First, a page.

Selling to DIY Gunsmiths

Millions of garage-bench gunmakers and amateur gunsmiths can help you offset market swings in firearm sales.

Selling to DIY Gunsmiths

Cleaning supplies are consumables. They cost little to stock but offer something every shooter needs.

It seemed terminal. Cases emerged from the old battle rifle with a blackened gash forward of the rim. Some separated there, the head alone extracting, leaving me to burrow for the rest.

“Swollen chamber,” mumbled the old man. Whatever that meant. What did I expect for $15?

It had seemed a bargain, this relic peddled by Sears, Roebuck. I knew the No. 1 Mark III was an early SMLE but couldn’t say why a No. 4 Mark 1 cost more, or why No. 5 Mark I Jungle Carbines listed for a heart-stopping $29.95. Headspace was still a foreign term. I ponied up a premium for another No. 1 Mark III from the father of a fetching blond in my high-school class.

After a winter’s whittling on a $7.50 stick of walnut from Herter’s, I shelled out double that for Williams open sights. Ready to hunt, the .303 had sucked as much cash out of me as a pal had sunk into his spanking-new Winchester 94. But I’d learned a bit about rifles. When that cobbled SMLE tumbled a running whitetail, Ron’s factory-crisp .30-30 suddenly looked ordinary.

Another winter tending a Claro blank and commercial Mauser metal yielded a better-looking rifle — but I hadn’t fitted the recoil lug closely. My first shot split the stock’s wrist. I charged back to my basement bench, keen to redeem myself as an amateur gunsmith. I’ve yet to do that but yet to stop trying.

Enthusiasts like me vastly outnumber real gunsmiths with lathes, mills and drill presses and the skills to use them. Surprisingly few gun shops offer the bench-top tools and aftermarket parts these DIYers are looking for — despite a roller-coaster market in factory firearms. The shops of my youth, staffed to help customers fix or upgrade guns, have been replaced with counter clerks with little, if any, experience as mechanics.

Your customer base will surely grow if you carry more than new firearms. In fact, DIY hardware has prospered, leading firms in the shooting industry.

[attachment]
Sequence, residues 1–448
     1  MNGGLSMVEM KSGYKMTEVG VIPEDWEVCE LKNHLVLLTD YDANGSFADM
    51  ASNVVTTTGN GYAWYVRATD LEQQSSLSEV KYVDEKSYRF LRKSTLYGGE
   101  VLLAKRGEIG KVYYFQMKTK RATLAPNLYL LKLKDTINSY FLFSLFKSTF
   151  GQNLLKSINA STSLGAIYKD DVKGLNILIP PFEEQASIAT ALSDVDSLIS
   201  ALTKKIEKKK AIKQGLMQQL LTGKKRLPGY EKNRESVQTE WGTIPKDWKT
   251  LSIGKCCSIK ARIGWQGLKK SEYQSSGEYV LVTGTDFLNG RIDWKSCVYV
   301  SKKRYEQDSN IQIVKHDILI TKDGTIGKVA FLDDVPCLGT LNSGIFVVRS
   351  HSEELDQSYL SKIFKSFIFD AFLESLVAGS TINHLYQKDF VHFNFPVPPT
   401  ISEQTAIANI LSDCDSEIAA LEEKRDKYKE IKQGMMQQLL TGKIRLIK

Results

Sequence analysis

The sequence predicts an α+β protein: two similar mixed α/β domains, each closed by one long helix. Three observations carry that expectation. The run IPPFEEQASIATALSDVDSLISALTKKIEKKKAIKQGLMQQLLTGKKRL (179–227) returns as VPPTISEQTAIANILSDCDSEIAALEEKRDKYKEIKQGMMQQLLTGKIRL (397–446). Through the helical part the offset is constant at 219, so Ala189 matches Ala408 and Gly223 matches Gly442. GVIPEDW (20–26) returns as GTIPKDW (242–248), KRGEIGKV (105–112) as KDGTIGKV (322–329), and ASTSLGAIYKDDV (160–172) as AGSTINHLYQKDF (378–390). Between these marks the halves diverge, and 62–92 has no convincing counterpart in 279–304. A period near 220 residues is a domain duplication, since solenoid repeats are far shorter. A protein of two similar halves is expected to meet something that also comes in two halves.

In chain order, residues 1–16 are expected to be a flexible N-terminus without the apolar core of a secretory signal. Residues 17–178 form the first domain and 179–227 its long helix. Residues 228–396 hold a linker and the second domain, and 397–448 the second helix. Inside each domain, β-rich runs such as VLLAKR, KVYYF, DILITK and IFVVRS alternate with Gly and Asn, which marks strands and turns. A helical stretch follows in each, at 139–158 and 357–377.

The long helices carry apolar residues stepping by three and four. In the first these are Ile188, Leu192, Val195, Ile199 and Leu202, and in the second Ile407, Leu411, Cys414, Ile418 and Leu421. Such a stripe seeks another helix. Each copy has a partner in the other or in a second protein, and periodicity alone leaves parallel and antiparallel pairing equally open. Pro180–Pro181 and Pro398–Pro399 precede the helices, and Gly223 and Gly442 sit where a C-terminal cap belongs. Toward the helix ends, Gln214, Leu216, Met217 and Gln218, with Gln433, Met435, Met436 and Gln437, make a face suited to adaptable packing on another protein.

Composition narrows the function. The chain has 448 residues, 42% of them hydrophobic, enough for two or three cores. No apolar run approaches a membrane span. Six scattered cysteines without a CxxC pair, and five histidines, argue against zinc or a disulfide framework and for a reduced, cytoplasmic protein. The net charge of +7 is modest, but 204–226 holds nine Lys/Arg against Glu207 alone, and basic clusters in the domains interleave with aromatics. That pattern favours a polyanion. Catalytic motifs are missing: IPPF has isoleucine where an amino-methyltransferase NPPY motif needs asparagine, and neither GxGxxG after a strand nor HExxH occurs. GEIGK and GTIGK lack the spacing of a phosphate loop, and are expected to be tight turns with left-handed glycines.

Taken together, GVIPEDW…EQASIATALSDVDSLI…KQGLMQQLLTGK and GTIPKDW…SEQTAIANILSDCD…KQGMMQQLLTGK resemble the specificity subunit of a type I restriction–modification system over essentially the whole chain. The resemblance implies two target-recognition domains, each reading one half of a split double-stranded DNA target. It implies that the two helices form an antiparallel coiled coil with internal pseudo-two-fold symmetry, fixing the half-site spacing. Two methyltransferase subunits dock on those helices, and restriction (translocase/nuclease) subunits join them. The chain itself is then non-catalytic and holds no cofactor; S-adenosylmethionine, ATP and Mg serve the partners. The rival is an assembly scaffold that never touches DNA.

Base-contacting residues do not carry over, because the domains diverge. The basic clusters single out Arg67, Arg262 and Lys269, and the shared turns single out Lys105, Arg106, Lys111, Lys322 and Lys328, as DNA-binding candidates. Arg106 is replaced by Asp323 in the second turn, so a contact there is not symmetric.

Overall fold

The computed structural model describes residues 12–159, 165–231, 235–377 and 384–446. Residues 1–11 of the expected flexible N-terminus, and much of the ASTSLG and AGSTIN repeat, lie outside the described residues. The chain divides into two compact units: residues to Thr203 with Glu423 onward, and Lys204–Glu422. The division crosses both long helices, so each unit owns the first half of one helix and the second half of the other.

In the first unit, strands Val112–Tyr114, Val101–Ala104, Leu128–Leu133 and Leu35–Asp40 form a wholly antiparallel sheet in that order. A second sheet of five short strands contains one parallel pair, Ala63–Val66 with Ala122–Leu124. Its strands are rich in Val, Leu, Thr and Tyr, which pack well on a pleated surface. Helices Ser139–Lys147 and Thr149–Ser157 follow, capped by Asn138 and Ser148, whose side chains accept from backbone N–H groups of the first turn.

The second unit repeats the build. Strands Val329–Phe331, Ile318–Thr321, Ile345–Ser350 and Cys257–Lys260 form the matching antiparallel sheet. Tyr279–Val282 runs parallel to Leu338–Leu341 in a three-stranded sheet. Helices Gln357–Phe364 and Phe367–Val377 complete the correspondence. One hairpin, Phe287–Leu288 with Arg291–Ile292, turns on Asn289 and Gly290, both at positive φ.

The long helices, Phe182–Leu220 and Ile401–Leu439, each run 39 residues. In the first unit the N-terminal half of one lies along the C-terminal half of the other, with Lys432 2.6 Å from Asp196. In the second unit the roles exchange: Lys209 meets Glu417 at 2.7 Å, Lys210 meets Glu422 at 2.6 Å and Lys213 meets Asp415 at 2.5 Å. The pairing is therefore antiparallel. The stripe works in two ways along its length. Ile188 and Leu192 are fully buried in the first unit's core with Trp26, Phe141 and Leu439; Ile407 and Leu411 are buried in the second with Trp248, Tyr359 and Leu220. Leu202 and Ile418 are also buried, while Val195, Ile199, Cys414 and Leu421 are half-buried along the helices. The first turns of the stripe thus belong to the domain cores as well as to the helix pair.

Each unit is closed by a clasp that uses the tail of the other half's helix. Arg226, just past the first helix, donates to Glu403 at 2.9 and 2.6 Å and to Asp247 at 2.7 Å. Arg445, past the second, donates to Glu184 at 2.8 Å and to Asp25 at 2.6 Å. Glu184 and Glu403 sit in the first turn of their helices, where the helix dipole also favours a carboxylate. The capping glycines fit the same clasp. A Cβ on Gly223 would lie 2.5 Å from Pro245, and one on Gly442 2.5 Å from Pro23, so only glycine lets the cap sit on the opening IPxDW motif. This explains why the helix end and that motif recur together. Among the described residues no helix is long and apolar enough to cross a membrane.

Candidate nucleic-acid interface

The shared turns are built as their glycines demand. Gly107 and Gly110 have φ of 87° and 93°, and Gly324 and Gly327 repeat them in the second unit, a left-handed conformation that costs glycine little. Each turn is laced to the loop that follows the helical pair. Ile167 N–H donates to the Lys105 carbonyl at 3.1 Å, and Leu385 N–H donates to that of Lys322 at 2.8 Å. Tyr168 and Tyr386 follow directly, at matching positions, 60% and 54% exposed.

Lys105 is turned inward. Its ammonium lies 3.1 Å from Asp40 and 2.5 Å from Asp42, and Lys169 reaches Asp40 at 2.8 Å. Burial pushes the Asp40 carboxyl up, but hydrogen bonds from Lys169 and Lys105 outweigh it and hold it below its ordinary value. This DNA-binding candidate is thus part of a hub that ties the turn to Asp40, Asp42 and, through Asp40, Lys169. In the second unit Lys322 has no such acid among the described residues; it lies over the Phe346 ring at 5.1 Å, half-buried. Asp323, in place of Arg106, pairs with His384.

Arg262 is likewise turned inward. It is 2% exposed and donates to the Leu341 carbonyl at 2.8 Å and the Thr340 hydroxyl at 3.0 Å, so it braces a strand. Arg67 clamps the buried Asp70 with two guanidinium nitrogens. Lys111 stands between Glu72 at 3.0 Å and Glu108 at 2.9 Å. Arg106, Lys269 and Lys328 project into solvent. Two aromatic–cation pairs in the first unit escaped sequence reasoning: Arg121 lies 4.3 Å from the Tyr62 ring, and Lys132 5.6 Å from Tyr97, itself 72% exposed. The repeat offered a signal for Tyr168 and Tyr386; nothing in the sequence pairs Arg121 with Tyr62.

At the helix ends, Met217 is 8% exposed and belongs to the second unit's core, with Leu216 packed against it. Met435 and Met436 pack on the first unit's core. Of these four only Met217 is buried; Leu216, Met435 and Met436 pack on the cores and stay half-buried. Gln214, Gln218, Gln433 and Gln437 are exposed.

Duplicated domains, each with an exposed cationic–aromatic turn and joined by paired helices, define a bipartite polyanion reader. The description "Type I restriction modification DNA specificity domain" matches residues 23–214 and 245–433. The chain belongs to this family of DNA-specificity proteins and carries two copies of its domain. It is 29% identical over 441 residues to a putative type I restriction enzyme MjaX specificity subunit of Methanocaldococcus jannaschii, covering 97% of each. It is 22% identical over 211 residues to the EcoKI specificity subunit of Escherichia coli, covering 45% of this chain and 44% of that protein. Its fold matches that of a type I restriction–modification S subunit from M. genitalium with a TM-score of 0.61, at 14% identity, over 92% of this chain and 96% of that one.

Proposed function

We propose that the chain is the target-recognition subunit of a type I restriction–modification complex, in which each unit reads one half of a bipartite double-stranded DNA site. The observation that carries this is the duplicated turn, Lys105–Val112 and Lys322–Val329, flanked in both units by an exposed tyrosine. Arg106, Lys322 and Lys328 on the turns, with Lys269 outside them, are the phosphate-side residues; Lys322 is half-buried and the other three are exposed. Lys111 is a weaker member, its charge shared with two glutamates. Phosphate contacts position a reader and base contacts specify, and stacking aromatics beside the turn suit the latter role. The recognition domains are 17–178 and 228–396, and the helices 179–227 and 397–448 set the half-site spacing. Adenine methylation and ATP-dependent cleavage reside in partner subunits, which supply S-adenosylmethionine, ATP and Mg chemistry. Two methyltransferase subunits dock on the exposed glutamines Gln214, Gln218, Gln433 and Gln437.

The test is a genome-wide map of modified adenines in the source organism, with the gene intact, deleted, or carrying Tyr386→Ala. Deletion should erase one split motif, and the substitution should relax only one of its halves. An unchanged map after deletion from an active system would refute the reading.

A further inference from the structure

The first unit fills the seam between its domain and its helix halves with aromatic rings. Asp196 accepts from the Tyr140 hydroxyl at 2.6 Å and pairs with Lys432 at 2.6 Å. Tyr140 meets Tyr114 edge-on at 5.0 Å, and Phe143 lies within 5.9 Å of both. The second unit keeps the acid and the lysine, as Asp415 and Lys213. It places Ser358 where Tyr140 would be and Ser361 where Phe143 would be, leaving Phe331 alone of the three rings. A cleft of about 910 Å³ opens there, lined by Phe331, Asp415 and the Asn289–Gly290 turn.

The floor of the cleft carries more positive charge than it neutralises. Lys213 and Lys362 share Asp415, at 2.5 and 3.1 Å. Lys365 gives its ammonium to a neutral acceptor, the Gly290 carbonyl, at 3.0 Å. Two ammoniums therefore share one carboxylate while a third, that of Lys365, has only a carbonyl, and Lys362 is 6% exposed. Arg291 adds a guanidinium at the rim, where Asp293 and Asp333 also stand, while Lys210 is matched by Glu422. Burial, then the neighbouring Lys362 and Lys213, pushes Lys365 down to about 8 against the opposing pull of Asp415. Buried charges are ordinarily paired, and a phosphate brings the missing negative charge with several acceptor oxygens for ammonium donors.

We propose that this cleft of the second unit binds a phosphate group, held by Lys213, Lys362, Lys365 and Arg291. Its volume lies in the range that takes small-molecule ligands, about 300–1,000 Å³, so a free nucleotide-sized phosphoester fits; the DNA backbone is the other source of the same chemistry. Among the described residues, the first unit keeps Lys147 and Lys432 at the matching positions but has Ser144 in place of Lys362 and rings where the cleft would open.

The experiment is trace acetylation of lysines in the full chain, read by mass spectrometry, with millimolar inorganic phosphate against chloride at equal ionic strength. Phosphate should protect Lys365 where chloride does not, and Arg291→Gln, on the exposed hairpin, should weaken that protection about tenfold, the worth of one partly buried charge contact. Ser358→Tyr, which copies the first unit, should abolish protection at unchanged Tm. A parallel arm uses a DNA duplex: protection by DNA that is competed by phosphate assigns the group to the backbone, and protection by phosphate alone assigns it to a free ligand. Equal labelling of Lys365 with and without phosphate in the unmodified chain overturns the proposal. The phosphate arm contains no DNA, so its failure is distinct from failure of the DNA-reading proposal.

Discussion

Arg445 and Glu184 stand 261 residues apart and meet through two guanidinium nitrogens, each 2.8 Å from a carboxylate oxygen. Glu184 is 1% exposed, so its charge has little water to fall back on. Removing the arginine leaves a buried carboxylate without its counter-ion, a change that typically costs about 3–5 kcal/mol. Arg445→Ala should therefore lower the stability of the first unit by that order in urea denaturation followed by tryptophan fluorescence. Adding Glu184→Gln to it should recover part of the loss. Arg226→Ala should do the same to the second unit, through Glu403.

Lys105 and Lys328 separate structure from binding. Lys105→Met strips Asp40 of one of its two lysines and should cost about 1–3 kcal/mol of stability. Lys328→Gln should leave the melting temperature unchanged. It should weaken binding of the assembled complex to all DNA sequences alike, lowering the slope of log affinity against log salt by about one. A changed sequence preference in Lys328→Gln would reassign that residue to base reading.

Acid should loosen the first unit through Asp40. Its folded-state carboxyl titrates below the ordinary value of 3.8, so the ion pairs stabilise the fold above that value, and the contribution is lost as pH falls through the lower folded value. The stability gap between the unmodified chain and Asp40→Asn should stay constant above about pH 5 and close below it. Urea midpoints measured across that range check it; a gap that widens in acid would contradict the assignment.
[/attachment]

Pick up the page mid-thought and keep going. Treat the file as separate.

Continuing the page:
“We cater to shooters and gunsmiths and hobbyists who want to refurbish, repair, improve, even build guns,” says Roy Hill at Brownells, the Iowa supply house claiming “satisfaction guaranteed since 1939.” Eighty years in business has yielded a thick catalog with products from masking tape to bluing tanks. The dog-eared Brownells volume on my desk packs 150 of its 700 oversize pages with gun parts, AMT to Winchester. Brownells peddles its own products — Acra-Glas is the industry standard in bedding compounds — as well as branded items like Galco leather, NECG sights, Pachmayer recoil pads, Redding and RCBS dies.

Midway USA is as familiar as Brownells to shooters and gun shops. Larry and Brenda Potterfield have added to their prodigious list of brand-name products some of their own design and offer “just about everything” having to do with guns. “Components for AR-style rifles, Glock handguns and Ruger 10/22s account for a big share of our business,” Larry says, but the Midway catalog is comprehensive, with over 47,000 items that qualify for free shipping. The Columbia, Missouri, firm offers discounts to consumers as well as dealer programs. Battenfeld Technologies, once part of Midway, is one of its many suppliers.

Brownells and Midway USA ship inexpensive gunsmithing tools that serve hobbyists - and profit shops!
Brownells and Midway USA ship inexpensive gunsmithing tools that serve hobbyists - and profit shops!

Big Ticket or Bust?

Customers can order online from these sources without visiting local gun shops. But many who might tinker don’t know how, or they want to see the punches, taps, screws, grips, holsters, sights, brakes, chokes, bottom metal, or more in person. Enthusiasts buy at brick-and-mortar shops that not only carry parts, bench tools and DIY kits, but give helpful tips and feedback. “What to put on the shelf depends on the skills behind the counter,” says Larry Potterfield. “Selling items for DIY projects requires knowledge and passion.”

The same thinking applies to handloading tools and components. You won’t stock anywhere near a complete selection of either, but by offering popular brass, powder, bullets and dies, your shop will earn a reputation as a handloading hub. If you dispense useful advice, customers will come calling. When a customer asks, “Is H414 or W760 better behind 150-grain bullets in the 7mm-08?” will someone at your store know the answer? Powder is expensive, and no loading manual lists all propellants for every cartridge. Wildcats make local expertise more valuable still. I’m loading for the .25 Krag Short, and early on, I would have patronized a store whose staff could suggest light-bullet charges.